The fact is, it does not require my level of mathematical training to recognize that we do not face a credible terrorist threat. All it needs to put those terrifying images into proper context is basic quantitative literacy; in particular, the ability to assess and balance risks. It's not rocket science. Heavens, it's not even shopping sense!
Take the ten year period starting with the 9/11 attack through to 2011. That includes the one and only significant loss of life in the US due to terrorism, when over 3,000 people died, so in terms of risk assessment it is an anomalous spike, but le's go with it. In that same period, roughly 360,000 Americans lost their lives in traffic accidents. Over 100 deaths for every one terrorism death. (In fact, the greatest loss of life due to 9/11 was not in the Twin Towers but on the US roads, caused by an increase in traffic deaths during the months when few people were flying!)
About 10,000 of the 30,000 annual traffic deaths in the US are caused by drunk drivers. Yet despite the fact that every one of us is over thirty times more likely to be killed by a drunk driver than to be a victim in a terrorist attack, no one has argued that we should give up basic Constitutional freedoms to reduce drunk driving. Or cell phone use or texting while driving. Or smoking. Or obesity. All far greater killers than a terrorist attack.
True, there is an extensive research literature analyzing why humans give irrationally inflated significance to dramatic forms of death such as airplane crashes or terrorist attacks. But those misperceptions are easily countered with just a modicum of quantitative literacy. We're not talking mathematics, which most of us (I definitely include myself) find difficult. No fancy calculation is required. Just a general sense of number - a reliable sense of risk - which anyone can acquire with just a little coaching.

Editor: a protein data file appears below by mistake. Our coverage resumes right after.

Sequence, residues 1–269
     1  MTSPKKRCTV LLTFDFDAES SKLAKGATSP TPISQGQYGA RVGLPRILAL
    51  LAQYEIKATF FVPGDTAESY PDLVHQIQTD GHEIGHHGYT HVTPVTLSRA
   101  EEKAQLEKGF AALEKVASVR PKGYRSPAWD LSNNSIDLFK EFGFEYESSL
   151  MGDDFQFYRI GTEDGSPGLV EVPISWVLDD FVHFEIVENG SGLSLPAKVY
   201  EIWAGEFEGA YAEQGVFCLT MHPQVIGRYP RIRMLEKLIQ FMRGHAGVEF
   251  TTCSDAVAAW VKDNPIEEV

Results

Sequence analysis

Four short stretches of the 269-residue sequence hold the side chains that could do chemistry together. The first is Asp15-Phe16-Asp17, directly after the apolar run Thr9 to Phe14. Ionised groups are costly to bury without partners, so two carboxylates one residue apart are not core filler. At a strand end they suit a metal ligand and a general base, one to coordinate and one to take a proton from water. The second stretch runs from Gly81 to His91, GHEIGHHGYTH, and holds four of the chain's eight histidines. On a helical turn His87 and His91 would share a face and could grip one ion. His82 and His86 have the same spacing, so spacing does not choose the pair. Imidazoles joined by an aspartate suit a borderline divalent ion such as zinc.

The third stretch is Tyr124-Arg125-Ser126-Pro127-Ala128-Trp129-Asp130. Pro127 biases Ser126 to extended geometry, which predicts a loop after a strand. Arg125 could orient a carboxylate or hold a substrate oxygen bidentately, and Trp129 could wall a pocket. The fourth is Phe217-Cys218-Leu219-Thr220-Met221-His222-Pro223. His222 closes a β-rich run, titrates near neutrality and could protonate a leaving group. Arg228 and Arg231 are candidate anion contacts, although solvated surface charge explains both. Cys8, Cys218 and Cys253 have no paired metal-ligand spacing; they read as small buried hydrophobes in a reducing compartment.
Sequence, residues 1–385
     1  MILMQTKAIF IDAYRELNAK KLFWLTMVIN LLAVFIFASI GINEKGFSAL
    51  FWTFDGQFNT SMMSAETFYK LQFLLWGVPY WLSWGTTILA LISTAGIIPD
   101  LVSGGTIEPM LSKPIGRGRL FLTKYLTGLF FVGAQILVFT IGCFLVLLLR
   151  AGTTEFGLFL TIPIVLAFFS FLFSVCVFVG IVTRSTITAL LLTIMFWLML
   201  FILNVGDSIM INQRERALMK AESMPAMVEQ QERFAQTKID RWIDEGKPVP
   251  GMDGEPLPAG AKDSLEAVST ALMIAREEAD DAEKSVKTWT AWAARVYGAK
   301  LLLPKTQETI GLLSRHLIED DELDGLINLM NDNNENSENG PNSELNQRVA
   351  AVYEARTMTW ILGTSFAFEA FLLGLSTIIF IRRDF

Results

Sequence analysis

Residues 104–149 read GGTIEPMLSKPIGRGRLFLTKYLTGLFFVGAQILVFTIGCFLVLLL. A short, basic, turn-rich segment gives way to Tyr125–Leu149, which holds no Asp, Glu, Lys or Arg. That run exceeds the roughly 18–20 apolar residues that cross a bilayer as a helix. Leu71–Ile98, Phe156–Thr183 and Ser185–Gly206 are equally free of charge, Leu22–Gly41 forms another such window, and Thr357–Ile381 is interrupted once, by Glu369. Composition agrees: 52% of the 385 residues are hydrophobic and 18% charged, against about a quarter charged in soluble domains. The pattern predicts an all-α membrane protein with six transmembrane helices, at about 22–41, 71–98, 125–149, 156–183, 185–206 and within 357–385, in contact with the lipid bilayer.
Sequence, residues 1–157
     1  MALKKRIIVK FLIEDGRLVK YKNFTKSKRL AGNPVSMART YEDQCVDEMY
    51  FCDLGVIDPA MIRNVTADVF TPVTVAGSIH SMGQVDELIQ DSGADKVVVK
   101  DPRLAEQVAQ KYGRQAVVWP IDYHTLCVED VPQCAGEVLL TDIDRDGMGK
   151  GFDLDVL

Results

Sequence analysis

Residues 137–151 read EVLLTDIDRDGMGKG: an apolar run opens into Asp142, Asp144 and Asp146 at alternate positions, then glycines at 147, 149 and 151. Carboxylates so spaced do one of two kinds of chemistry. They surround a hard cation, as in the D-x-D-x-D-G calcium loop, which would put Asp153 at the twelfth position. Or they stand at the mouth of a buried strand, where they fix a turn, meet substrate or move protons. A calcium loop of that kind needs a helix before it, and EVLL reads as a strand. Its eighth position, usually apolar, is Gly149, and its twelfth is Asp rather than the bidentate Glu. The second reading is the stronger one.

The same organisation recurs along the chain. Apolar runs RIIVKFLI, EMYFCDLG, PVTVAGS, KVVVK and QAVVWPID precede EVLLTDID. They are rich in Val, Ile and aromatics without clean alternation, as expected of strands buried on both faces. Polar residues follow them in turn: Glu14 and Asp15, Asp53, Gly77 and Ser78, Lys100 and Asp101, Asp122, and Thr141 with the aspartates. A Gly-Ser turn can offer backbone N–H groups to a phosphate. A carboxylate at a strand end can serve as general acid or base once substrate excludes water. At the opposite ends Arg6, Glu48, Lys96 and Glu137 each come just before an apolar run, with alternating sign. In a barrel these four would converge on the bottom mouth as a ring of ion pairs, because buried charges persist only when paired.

When you realize that, as an American, you are far more likely to die in your bathtub than in a terrorist attack, you can live your entire life free of any fear of terrorism - and fear of taking baths, since that risk, while greater than a terrorist attack, is still tiny.
We Americans are so attached to our personal freedoms that many argue fiercely to maintain the right to fill their closets with assault rifles (accidental deaths by guns are a significant risk in the US, much higher than terrorism) and rally against universal health care (which would drastically reduce our third-world-level infant mortality figures). (Count me in the freedom camp but not the other two.)
Yet 56% of us would ditch the Fourth Amendment, and perhaps the First as well, to reduce a risk that is already lower than we incur when we take a bath!
Are we really, as a nation, going to give up personal freedoms that are the envy of the world - a beacon to humanity - because of a collective numerical stupidity which could be eradicated in a single generation by a small change in K-12 education?